Legislative Compensation Packages: July, 2005 vs July, 2012

Posted by By at 2 July, at 13 : 09 PM Print

•    Base salaries in July, 2005 for the rank and file – excluding per diems, perks, PSAs, pensions and paid health insurance – was $69,648.

•      Lawmakers automatically receive pay increases – or COLA’s – on December 1.  The “shared sacrifice” budget of 2011 allows the legislature to keep their COLAs, per diems and “seasonal per diems.”

•    Base salaries in 2012 increased by 3% on December 1, 2011 after the annual COLA is $82,026, and does not include the cost for per diems, perks, PSAs, pensions and health insurance. The increase in the salary for rank-and-file lawmakers represents a $2,403 hike from the $79,623 base salry in 2011.

In 2010, the median household income of Pennsylvania families was $49,288, a 3% decline from the 2008 median income of $50,713.

•    Two-tier pension system. Benefits covered by a pension system in effect before 1974 utilities a  higher “multiplier” to calculate benefits for the pre-1974 class than for lawmakers elected since that year, e.g. former-Rep. Frank Oliver and and Rep. Mark Cohen are qualify for the pre-1974 multiplier.

The pre-1974 tier uses a 7.5 % multiplier of the average salary of the three highest years compared to a 3% multiplier for lawmakers elected after 1974 and uses a 2.5%multiplier for state employees.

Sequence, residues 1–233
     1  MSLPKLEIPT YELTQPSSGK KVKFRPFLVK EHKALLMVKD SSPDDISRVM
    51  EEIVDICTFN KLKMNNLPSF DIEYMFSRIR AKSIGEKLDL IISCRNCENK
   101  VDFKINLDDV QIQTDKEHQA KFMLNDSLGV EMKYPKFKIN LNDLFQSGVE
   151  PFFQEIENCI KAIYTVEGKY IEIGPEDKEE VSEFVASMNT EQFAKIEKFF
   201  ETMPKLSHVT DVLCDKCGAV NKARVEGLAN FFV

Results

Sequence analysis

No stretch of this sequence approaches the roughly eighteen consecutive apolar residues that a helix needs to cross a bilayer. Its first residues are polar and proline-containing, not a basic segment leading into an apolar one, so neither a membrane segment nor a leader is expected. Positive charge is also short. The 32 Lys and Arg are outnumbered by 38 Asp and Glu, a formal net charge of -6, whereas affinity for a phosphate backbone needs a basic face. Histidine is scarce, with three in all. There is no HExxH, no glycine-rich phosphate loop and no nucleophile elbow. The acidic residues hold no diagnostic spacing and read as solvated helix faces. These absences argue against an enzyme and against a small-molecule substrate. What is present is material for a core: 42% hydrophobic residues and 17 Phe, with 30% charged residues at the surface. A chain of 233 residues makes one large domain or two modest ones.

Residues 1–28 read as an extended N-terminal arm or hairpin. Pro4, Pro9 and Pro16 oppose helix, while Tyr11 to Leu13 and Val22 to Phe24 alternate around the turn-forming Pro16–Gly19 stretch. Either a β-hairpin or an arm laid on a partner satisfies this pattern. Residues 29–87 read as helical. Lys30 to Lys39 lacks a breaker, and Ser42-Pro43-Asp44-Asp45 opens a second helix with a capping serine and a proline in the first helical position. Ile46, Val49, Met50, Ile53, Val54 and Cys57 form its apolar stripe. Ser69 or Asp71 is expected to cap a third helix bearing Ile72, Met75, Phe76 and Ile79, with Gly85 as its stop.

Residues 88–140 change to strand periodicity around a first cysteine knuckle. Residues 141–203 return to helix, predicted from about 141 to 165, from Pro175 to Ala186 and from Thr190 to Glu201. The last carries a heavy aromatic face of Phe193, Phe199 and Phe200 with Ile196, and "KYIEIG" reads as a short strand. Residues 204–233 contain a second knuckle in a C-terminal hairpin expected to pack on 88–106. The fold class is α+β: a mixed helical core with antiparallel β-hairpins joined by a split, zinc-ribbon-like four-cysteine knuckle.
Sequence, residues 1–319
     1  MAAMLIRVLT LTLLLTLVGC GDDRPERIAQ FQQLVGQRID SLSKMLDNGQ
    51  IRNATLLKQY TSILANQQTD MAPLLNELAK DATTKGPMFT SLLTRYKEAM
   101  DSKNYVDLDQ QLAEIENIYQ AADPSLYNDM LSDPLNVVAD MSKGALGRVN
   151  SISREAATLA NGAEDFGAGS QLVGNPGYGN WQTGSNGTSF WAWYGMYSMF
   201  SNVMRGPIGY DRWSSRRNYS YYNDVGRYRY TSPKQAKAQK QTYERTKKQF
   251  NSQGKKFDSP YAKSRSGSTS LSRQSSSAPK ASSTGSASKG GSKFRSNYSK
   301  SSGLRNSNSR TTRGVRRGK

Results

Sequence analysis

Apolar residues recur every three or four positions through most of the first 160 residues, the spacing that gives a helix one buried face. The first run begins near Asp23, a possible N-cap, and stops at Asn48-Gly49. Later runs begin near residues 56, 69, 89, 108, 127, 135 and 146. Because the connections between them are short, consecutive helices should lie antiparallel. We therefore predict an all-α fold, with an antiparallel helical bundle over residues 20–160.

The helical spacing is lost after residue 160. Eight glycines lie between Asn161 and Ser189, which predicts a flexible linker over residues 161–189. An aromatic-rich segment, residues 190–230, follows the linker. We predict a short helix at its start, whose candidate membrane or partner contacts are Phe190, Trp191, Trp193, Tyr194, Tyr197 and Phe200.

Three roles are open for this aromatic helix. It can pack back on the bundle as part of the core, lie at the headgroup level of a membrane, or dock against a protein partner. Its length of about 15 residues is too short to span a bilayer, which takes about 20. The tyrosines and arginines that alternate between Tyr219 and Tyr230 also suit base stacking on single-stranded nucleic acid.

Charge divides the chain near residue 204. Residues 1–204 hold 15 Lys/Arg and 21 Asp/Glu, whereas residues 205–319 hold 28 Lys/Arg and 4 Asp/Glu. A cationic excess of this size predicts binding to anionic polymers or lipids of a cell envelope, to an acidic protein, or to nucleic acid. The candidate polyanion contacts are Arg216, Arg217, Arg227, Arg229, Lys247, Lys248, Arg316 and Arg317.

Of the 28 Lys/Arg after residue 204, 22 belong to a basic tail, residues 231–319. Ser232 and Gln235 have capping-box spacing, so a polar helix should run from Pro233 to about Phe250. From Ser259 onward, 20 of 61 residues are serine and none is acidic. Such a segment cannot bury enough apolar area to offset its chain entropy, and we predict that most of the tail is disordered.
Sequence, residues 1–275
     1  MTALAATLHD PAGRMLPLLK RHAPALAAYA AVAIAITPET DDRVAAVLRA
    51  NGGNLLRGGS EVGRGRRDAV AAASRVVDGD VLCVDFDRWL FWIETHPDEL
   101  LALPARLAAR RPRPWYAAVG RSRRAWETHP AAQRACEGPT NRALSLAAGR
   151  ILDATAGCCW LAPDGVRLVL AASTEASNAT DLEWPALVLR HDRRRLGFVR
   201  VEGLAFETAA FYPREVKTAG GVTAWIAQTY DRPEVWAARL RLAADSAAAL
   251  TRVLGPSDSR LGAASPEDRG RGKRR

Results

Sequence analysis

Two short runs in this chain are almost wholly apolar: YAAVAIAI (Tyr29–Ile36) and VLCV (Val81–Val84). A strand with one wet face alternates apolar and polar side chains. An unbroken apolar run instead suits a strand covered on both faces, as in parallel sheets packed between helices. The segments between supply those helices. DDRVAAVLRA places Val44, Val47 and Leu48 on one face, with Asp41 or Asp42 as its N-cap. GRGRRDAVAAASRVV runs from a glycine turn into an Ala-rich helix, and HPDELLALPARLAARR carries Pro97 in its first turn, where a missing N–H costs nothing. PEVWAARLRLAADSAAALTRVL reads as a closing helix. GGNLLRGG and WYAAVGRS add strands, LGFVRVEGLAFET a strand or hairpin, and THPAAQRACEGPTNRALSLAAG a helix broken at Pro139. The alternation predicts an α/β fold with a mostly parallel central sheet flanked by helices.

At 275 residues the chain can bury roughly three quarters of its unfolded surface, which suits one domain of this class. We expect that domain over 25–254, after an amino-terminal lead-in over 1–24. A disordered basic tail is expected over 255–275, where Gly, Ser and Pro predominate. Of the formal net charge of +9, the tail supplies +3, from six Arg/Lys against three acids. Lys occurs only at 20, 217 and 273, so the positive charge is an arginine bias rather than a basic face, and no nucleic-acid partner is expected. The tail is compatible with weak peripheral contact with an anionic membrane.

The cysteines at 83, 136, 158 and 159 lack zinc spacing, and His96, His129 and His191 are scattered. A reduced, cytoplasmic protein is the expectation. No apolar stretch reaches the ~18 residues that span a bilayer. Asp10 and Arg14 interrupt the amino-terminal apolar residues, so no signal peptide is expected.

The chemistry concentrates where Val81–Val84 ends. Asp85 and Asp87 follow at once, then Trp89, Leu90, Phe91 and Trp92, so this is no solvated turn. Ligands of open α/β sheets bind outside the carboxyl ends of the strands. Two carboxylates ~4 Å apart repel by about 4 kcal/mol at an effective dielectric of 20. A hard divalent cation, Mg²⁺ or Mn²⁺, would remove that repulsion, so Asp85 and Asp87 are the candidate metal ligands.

•     Most retired lawmakers are entitled to lifetime health care for themselves and their spouses.

•    The “per diem” – or daily allowance – is an undocumented reimbursement lawmakers receive in addition to their salary for food and lodging.

•    If a per diem is taken on a session day or for a committee meeting, taxes are not taken out or paid on the per diem pursuant to IRS rules out.

•    If a legislator receives a per diem for a non session day, taxes are taken out.

•    The per diem daily rate was $141 in 2006. However, the Caucuses through their unaudited non-lapsing accounts, provide meals to their members during session days.

•    The current subsidy rate is $163 and allows legislators to use the money to purchase second homes in Harrisburg.

•     The U.S. General Services Administration announced the lodging per diem in Harrisburg will increase from $107 a day to $134 a day for June, July and August. The lodging per diem will revert to $107 in September.”  The per diem to cover the cost of meals will stay at $51.

(Seasonal per diem hike kicks in for Harrisburg, by Robert Swift, Shamrock Times, June 16, 2011.)
This post was written by:
- who has written 395 posts for Rock The Capital
Eric J. Epstein is RocktheCapital‘s coordinator and a community advocate for good government for over 25 years. Mr. Epstein is also Chairman of the Three Mile Island Alert, Inc., a safe-energy organization founded in 1977; President of EFMR Monitoring Group, Inc., a non-profit economic development corporation established in 1977, and Chairman of the Stray Winds Area Neighbors (SWAN), a smart growth association organized in 2005. Mr. Epstein was a Visiting Assistant Professor of Humanities at PSU-Harrisburg (1992-1999) and co-authored the Dictionary of the Holocaust, which was released by Greenwood Press (1997) - Email Eric Epstein

Pennsylvania Issues Political

Related Posts